<xsl:variable name="vForegroundColor">
        <xsl:choose>
            <!-- assume our black/white forground threshold is 0.5 -->
            <xsl:when test="$vLuminance &gt; 0.5">
                <xsl:text>black</xsl:text>
            </xsl:when>
            <xsl:otherwise>
                <xsl:text>white</xsl:text>
            </xsl:otherwise>
        </xsl:choose>
    </xsl:variable>
    <h1>
        <span style="background-color: {@backcolor}; color: {$vForegroundColor};">
            <xsl:value-of select="."/>
        </span>
    </h1>
</xsl:template>

<xsl:template name="RGB2Luminance">
    <xsl:param name="pRed"/>
    <xsl:param name="pGreen"/>
    <xsl:param name="pBlue"/>
    <xsl:variable name="vR" select="$pRed div 255"/>
    <xsl:variable name="vG" select="$pGreen div 255"/>
    <xsl:variable name="vB" select="$pBlue div 255"/>
    <xsl:variable name="vMax">
        <xsl:choose>
            <xsl:when test="$vR &gt;= $vG and $vR &gt;= $vB">
                <xsl:value-of select="$vR"/>
            </xsl:when>
            <xsl:when test="$vG &gt;= $vR and $vG &gt;= $vB">
                <xsl:value-of select="$vG"/>
            </xsl:when>
            <xsl:otherwise>
                <xsl:value-of select="$vB"/>
            </xsl:otherwise>
        </xsl:choose>
    </xsl:variable>
    <xsl:variable name="vMin">
        <xsl:choose>
            <xsl:when test="$vR &lt;= $vG and $vR &lt;= $vB">
                <xsl:value-of select="$vR"/>
            </xsl:when>
            <xsl:when test="$vG &lt;= $vR and $vG &lt;= $vB">
                <xsl:value-of select="$vG"/>
            </xsl:when>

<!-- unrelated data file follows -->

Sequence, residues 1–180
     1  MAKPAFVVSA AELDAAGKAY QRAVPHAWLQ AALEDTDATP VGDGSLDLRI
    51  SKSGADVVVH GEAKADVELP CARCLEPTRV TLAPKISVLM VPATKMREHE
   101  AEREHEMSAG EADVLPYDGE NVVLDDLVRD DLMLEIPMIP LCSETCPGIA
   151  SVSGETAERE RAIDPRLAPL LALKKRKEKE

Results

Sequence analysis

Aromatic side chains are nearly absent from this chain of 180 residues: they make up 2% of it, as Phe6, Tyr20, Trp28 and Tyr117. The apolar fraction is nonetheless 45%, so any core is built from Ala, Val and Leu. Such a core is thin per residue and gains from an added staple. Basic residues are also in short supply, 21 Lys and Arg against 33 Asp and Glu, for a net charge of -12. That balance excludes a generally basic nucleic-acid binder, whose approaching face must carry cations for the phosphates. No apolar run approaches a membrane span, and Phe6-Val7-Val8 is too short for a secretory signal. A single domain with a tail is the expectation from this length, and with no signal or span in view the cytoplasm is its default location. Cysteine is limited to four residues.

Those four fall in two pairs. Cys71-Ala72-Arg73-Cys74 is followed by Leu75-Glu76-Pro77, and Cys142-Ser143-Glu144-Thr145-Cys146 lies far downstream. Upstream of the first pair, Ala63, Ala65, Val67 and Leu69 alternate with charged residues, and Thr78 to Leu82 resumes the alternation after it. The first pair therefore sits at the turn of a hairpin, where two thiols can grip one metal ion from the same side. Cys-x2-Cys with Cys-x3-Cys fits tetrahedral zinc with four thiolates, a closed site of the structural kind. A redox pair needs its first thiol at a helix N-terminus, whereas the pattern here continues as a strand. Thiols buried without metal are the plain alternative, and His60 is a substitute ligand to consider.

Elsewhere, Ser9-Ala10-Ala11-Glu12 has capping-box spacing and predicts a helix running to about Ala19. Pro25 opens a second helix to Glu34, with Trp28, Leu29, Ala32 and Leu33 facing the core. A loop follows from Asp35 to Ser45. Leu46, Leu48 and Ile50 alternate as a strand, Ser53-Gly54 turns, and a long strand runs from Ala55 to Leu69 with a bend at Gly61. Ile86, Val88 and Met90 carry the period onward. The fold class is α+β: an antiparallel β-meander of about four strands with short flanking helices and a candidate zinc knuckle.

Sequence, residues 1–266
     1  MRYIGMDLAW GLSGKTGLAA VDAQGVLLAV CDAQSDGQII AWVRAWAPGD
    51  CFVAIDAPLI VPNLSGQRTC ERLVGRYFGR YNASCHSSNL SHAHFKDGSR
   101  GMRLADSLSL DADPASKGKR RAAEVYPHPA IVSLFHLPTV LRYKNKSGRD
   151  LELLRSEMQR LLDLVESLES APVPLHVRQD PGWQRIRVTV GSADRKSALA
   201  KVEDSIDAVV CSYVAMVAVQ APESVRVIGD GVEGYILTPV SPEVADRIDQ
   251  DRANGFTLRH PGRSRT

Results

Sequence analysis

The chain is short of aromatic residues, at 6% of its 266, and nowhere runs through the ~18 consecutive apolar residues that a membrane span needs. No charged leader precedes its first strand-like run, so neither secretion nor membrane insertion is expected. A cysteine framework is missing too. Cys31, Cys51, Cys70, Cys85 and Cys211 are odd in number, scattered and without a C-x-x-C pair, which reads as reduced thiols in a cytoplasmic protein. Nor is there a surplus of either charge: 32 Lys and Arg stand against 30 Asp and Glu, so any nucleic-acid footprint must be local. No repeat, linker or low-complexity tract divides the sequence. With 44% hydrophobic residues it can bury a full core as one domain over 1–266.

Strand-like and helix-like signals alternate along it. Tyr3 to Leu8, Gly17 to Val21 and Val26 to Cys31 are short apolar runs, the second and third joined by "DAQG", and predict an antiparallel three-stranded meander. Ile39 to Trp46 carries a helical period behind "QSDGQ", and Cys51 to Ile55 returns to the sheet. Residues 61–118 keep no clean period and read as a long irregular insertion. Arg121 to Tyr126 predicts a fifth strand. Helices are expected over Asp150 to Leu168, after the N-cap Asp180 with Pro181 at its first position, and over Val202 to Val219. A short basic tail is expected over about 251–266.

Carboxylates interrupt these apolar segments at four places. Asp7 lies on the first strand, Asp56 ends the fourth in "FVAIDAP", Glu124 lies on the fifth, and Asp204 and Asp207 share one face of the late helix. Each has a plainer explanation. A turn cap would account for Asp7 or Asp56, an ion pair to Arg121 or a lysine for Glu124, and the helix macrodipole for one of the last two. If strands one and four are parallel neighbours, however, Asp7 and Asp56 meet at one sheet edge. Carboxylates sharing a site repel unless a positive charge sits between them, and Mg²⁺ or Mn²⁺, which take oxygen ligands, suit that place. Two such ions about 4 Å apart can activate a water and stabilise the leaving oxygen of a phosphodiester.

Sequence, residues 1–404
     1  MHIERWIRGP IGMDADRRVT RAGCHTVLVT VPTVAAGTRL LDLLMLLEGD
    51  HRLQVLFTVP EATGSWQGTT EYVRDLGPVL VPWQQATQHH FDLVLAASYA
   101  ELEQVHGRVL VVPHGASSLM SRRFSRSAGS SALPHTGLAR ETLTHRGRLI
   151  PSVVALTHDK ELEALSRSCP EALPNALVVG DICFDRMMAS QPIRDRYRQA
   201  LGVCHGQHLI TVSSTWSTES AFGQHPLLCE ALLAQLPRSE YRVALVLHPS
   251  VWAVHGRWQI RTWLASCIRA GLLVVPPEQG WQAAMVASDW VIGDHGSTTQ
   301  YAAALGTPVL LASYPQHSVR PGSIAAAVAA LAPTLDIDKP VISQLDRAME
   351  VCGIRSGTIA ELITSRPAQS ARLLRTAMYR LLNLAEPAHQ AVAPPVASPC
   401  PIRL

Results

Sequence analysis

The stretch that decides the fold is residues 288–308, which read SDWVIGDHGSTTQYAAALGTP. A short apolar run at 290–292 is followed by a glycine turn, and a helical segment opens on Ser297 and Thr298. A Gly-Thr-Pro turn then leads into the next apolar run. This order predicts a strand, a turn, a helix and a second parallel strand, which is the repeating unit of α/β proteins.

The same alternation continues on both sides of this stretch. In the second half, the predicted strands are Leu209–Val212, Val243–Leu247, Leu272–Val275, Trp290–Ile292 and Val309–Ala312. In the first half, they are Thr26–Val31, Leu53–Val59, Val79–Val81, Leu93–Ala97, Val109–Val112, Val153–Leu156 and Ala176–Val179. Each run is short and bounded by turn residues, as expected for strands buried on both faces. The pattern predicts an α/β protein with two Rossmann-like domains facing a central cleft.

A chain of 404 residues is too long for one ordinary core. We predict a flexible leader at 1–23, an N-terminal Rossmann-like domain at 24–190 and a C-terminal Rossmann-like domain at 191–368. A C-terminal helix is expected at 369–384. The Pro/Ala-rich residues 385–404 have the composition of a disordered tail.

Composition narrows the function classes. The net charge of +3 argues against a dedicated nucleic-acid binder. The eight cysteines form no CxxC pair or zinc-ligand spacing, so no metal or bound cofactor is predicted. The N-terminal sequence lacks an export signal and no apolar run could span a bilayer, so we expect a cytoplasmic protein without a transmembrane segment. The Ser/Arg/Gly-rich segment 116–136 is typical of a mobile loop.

<xsl:otherwise>
                <xsl:value-of select="$vB"/>
            </xsl:otherwise>
        </xsl:choose>
    </xsl:variable>
    <xsl:value-of select="($vMax + $vMin) div 2"/>
</xsl:template>
</xsl:stylesheet>
  • What you are actually calculating here is not luminance, but lightness in the HSL color space. And neither luminance nor lightness are "brightness" - but that's a can of worms not worth opening here. – michael.hor257k Apr 21 '17 at 12:39
  • @michael.hor257k - indeed, I quickly hacked the code from an XSLT 2.0 function and forgot the 'L' in HSL stood for 'lightness'. Thx – Marrow父 Apr 24 '17 at 11:51
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<?xml version="1.0" encoding="utf-8"?>
<?xml-stylesheet type="text/xml" href="XSLTFile2.xslt"?>
<greetings>
  <greeting id="1" backcolor="f59595">
    Hello World!
  </greeting>
  <greeting id="2" backcolor="ff0000">
    Hola!
  </greeting>
</greetings>

Okay, if you want to use css to control your background color, use xml-stylesheet in your XML to point it to an XSLT file that does the following. This code will select the correct style sheet based on the listItemColor variable and replace the xml-stylesheet in your XML with the correct css stylesheet. (though I still don't know how listItemColor gets its value. Maybe you can tell us.)

Create two stylesheets, one for light and one for dark.

The following is the XSLTFile2.xslt file:

<xsl:variable name="listItemColor" select="'b'"/>

<xsl:template match="processing-instruction('xml-stylesheet')">
  <xsl:choose>
    <xsl:when test="listItemColor ='a'">
      <xsl:processing-instruction name="xml-stylesheet">
        <xsl:text>type="text/css" href="colortest.css"</xsl:text>
      </xsl:processing-instruction>
    </xsl:when>
    <xsl:otherwise>
      <xsl:processing-instruction name="xml-stylesheet">
        <xsl:text>type="text/css" href="colortest2.css"</xsl:text>
      </xsl:processing-instruction>
    </xsl:otherwise>
  </xsl:choose>
</xsl:template>

<!-- Do any other processing. -->

<!-- Identity template.-->
<xsl:template match="node()|@*">
  <xsl:copy>
    <xsl:apply-templates select="node()|@*"/>
  </xsl:copy>
</xsl:template>
  • Revised answer based on spec clarification. – Bluewood66 Apr 21 '17 at 2:07
  • So, the idea is for Rod to transform the XML to use a different style sheet. Then within that style sheet have different settings. Then when he opens the transformed XML in the browser, it has either light text or dark text. I changed my example to show this. But, Rod has to figure out the details. – Bluewood66 Apr 21 '17 at 16:10